"I remember getting my first ticket when I was 12," Blankespoor says. "When you're a farm kid you're always driving vehicles, it's no big deal. Well this one day a friend of my sister was out at the farm and needed a ride home but she couldn't drive a stick. Nobody else was around, so I ended up giving her a ride. Well I had a tail light out on the pickup and driving by this little town a cop pulled me over. When he came to the front of the vehicle and saw a small boy at the wheel, he started laughing, but oh was I scared. The worst thing about the incident was that it was the first month that the local paper published traffic citations, so there it appeared the next week that Ron Blankespoor was given a ticket for failure to have an operator's license."
Other lessons were less embarrassing and more significant.
"You grow up early on the farm," Blankespoor says. "When you were 15 or 16 years of age you were in there with the adults doing the heavy work. I guess you develop a pretty good work ethic in that kind of situation. My mother (Della) was a real inspiration to me growing up. She would get up at 5 or 6 in the morning and work until she went to bed at night. I think I–and my five siblings–all learned that lesson pretty well."
Blankespoor credits his two brothers, both older, for inspiring him not only to work hard, but also to dream of a career in the sciences. That turning point between his sophomore and junior year, he feels, came largely because his brothers were both in college studying the sciences and would come home excited about the careers they envisioned for themselves.
Interestingly enough, the oldest Blankespoor, Gilbert, is a Calvin graduate who now teaches biology at Augustana, S.D., (where he received a Teaching Excellence and Campus Leadership Award) while the second-oldest Blankespoor boy, Harvey, went to Dordt and Westmar in Iowa, and now teaches biology at Hope College (where he was honored as National Professor of the Year).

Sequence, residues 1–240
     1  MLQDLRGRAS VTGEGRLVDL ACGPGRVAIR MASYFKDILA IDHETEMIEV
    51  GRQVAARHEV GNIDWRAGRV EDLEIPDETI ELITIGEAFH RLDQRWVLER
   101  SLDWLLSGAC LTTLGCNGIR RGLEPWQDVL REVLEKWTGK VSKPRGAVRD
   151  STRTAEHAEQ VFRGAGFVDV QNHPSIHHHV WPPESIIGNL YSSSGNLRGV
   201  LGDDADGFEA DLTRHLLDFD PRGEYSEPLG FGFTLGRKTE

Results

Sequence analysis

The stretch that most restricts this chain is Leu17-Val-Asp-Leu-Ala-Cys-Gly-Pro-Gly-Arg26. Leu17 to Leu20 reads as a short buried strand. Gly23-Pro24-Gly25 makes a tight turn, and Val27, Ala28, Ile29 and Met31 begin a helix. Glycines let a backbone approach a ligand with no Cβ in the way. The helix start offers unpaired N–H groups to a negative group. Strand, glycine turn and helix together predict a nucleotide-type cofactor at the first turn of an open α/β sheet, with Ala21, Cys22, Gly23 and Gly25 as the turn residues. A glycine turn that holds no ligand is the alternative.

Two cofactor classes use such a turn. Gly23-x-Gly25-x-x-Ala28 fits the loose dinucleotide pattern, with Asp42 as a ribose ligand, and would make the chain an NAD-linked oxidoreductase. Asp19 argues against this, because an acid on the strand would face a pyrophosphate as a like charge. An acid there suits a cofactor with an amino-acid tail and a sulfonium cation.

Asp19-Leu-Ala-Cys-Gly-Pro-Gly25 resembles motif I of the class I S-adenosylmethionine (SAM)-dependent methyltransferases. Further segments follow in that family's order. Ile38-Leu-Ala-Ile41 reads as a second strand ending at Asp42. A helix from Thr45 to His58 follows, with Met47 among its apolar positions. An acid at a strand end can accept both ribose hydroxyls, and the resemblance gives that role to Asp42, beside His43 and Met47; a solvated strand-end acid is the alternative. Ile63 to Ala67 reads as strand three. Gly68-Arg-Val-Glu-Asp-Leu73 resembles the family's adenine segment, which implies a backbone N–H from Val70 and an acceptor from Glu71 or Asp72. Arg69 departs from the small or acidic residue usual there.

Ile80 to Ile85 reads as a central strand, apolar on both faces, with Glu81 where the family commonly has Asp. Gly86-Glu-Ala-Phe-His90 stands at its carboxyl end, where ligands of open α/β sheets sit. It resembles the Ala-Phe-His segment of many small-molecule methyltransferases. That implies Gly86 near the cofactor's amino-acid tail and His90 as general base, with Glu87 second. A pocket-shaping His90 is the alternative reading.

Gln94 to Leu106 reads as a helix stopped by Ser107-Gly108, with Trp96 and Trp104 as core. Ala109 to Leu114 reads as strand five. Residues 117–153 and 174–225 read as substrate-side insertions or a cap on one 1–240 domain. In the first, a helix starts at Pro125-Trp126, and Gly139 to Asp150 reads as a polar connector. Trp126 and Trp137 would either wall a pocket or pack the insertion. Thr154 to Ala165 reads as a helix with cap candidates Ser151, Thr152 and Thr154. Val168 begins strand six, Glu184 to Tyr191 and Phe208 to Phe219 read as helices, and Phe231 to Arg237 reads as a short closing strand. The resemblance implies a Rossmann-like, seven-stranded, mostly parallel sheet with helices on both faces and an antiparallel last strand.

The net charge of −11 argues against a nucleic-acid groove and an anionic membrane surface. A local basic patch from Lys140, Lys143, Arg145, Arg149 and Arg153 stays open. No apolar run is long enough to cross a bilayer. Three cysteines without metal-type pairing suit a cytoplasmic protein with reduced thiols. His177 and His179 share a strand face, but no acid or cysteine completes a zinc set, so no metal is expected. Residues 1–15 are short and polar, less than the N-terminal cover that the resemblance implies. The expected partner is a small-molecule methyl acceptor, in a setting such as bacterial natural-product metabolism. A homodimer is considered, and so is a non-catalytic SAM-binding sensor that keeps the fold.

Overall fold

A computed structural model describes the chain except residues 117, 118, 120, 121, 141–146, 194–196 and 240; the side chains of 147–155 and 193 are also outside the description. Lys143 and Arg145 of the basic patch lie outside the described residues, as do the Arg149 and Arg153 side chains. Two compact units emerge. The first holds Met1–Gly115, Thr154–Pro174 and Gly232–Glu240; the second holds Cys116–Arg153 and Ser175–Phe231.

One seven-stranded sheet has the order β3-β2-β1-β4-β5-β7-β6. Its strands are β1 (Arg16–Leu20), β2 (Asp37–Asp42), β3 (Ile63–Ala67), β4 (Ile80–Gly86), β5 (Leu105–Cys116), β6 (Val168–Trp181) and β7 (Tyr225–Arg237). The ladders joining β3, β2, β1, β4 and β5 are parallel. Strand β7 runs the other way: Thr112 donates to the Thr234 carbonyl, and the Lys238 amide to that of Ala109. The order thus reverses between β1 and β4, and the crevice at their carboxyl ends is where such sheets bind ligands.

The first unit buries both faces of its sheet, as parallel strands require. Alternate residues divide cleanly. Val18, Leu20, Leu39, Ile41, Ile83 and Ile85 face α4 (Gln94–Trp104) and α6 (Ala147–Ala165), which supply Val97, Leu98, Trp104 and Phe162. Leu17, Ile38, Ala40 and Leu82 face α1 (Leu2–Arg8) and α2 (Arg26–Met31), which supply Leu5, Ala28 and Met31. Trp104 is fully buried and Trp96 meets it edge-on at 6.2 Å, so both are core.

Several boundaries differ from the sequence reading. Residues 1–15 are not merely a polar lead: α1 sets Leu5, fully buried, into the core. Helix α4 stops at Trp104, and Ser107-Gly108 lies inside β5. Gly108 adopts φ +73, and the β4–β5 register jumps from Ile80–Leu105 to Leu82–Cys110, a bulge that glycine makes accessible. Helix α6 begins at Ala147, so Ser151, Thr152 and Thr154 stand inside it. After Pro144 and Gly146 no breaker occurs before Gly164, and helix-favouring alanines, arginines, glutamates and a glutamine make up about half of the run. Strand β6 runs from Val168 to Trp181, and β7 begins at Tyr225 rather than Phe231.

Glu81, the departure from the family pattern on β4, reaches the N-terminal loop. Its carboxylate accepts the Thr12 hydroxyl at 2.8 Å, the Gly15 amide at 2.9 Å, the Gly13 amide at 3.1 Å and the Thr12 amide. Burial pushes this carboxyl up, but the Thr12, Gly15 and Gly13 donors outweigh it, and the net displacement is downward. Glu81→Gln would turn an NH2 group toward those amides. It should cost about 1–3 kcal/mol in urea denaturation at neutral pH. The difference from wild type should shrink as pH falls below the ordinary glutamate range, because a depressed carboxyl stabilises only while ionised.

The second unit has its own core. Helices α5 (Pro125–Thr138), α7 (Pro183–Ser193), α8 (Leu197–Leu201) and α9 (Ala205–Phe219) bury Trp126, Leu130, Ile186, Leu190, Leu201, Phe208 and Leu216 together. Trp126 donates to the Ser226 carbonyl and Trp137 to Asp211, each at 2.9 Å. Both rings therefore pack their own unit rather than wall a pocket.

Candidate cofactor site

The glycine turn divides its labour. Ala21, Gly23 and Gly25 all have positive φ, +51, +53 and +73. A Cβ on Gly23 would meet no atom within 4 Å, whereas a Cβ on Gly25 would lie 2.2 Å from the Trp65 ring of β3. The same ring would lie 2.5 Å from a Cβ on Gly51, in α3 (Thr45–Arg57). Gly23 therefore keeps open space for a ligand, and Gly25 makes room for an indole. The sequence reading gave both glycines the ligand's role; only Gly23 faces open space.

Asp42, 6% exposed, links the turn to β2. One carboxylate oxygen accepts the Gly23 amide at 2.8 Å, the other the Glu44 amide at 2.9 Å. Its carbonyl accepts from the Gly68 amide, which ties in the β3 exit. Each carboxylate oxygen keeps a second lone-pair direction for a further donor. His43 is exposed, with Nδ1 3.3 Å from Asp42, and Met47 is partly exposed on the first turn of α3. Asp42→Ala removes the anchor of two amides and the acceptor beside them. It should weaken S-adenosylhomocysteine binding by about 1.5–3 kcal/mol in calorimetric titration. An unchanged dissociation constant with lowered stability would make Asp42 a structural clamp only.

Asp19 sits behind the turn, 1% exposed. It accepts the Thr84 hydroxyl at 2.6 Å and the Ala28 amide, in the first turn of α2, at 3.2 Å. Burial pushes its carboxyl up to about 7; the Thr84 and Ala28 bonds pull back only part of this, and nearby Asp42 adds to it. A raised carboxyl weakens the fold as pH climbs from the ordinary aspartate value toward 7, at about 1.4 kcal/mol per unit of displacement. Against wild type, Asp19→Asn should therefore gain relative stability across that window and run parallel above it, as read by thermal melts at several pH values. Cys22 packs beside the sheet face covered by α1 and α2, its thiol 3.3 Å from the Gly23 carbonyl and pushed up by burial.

Blankespoor's philosophy of teaching is pretty simple. "Teaching must always be first and foremost," he says, "but there also should be research. And indeed for us in the sciences, research is an important learning experience for our students who work with us in the laboratory. Teaching and research really are synergistic -- each one supports the other. The beauty of a place like Calvin is not only that one is able and encouraged to do both of these, but also that one can do them within a Christian community."
The child-like excitement with chemistry, that enthusiasm that first began to percolate back in 11th grade, permeates all that Blankespoor does and, in fact, is a big part of why he is such a loved and respected teacher and colleague.
Visiting with him in one of Calvin's labs is all the proof one needs to know that Calvin made the right choice in honoring him with the 1996 Exemplary Teaching Award. As he leads a guest around the room he stops short.
"You may know something about the technology used in this instrument," he tells the visitor. "Have you ever heard of an MRI that they use in hospitals? It uses the same technology." Blankespoor hustles to a control panel and brings the instrument to life, sending a slim glass tube into the heart of a large magnet. "It's about 450 degrees below zero in there," he says. He's asked if the temperature is that of liquid nitrogen. "Nope," he answers with a grin. He leans closer to his visitor as though unloading the punchline to a great joke. "Liquid helium," he says simply and then repeats it for emphasis. "Liquid helium."
Sizing up the pure joy in Blankespoor's face it's clear he would have made a pretty good farmer. It's even clearer that where he ended up is where he belongs. And that farming's loss was Calvin's gain.